The Central District of California recently denied a motion to dismiss on patent eligibility under 35 U.S.C. § 101 because a question of fact remained unresolved. In MoviePass, Inc. v. Sinemia, Inc., No. CV 2:18-1517 (C.D. Cal. Apr. 5, 2019), the Court held that the question of whether claims of U.S. Patent Nos. 8,484,133 and 8,612,235 are eligible under Section 101 required additional fact finding under the Federal Circuit’s 2018 decisions in Berkheimer v. HP and Aatrix v. Green Shades,.
Plaintiff MoviePass asserted the ‘133 and the ‘235 patents against Defendant Sinema. The patents are directed to identifying an authorized user’s identity based on the location of a mobile device and, once the user’s identity is verified to be near a chosen movie theater, providing funding to the authorized user to purchase movie tickets.
Defendant filed a motion to dismiss under FRCP 12(b)(6), alleging that the claims of the asserted patents were ineligible under Section 101. Applying the two-part eligibility test of Mayo Collaborative Servs. v. Prometheus Labs and Alice Corp. v. CLS Bank, Defendant alleged that the claims were directed to the abstract idea of verifying a user’s identity based on a request originating from a user’s phone being geographically located near a chosen movie theater, and that the patents relied on generic computer components that did not provide an inventive concept. Plaintiff alleged that the claims were directed to the technical solution of allowing a user to view a film without the theater operator confirming the identity of the user.
The Court, applying the first step of the two-part Alice/Mayo test, held that the claims were directed to an abstract idea, noting that the claimed process has been used by “parents…to first determine what [requested] money is for and when and where the chosen activity will take place.” Unconvinced by Plaintiff’s argument that the user’s phone acts as a proxy for the identify of the user, the Court noted that a parent “may drive through the movie theater parking lot looking for their son’s car, assuming that the vehicle’s presence is a reasonable proxy for his own.” The Court further held that the claims were not directed to a technical solution, but rather to replacing a traditional method for identifying a user with use of a computer.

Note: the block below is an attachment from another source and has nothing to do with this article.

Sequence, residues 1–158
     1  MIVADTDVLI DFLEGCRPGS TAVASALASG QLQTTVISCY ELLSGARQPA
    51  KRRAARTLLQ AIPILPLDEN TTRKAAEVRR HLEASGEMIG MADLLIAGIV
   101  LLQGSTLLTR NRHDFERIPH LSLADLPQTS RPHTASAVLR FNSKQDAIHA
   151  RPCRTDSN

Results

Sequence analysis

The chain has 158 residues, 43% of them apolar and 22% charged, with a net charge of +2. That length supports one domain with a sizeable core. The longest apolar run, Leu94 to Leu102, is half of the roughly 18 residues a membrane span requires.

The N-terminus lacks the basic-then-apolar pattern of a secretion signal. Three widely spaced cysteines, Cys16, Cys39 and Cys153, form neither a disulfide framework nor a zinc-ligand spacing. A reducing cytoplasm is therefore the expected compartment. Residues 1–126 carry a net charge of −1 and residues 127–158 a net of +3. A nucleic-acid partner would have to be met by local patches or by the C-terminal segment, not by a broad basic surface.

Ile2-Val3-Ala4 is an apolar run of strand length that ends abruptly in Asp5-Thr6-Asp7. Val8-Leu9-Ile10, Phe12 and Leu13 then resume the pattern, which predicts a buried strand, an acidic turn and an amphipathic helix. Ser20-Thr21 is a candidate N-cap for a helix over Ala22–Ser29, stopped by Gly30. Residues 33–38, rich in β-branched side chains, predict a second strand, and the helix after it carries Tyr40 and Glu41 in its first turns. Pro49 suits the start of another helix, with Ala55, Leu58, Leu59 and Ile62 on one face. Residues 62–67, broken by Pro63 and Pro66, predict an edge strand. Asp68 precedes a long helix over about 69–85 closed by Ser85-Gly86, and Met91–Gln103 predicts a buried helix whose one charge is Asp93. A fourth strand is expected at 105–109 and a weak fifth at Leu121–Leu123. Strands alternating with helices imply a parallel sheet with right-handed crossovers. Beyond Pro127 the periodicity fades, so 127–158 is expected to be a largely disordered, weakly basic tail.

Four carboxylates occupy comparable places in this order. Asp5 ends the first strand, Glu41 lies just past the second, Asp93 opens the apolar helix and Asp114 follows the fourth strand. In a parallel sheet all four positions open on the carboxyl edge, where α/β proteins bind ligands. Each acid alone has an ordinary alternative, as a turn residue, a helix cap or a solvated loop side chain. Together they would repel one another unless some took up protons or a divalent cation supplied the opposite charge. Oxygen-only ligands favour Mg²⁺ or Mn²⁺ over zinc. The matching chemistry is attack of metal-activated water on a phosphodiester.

For the second step, the Court considered whether the claims recited an “inventive concept.” The Court was skeptical that the alleged inventive concept of using the phone to identify the user without relying on theater operators to confirm the user’s identity was “anything more than well-understood, routine, or conventional to a skilled artisan.” However, the Court held that, based on recent decisions in Berkheimer v. HP and Aatrix v. Green Shades, there remained unresolved questions of fact. Specifically, the Court requested further fact finding on how one of ordinary skill in the art would have viewed the alleged inventive concept at the time of the invention. Because this unresolved question of fact remained, the Court denied Defendant’s motion to dismiss.
Lessons for Practice
Here we see a California court deny a motion to dismiss on patent eligibility, which is a change from recently granted requests that admonished parties to amend pleadings to include more facts. The parties here seem to have provided ample pleadings to help the Court decide eligibility, and the Court simply applied Berkheimer and Aatrix to ask the parties fill in specific factual gaps for the second step of the Alice/Mayo test.